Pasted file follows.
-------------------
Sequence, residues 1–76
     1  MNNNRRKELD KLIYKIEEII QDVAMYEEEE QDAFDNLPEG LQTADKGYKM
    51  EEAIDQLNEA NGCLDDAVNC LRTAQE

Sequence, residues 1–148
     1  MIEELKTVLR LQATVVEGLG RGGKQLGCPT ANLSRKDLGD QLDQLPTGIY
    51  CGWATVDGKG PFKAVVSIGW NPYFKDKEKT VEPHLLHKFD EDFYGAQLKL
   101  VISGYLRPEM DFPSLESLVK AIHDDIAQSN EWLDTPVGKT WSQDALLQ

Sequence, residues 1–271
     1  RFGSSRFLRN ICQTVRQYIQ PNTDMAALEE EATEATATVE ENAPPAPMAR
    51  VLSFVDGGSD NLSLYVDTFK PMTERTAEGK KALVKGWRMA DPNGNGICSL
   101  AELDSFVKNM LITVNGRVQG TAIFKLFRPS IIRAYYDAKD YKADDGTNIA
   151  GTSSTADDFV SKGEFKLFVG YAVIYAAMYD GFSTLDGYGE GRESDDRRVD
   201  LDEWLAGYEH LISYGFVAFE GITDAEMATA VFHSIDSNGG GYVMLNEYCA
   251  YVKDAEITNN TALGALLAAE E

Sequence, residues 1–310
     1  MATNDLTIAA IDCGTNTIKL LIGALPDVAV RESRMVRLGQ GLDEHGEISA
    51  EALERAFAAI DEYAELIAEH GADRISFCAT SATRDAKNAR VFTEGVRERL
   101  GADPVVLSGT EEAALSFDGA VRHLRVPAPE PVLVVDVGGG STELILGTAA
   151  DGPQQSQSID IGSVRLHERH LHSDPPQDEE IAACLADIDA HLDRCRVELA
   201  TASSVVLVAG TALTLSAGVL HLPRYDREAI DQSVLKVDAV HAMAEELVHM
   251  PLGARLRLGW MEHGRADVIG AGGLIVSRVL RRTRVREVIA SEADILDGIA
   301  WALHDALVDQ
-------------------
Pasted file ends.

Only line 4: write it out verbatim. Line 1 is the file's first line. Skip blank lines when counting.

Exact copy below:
Sequence, residues 1–148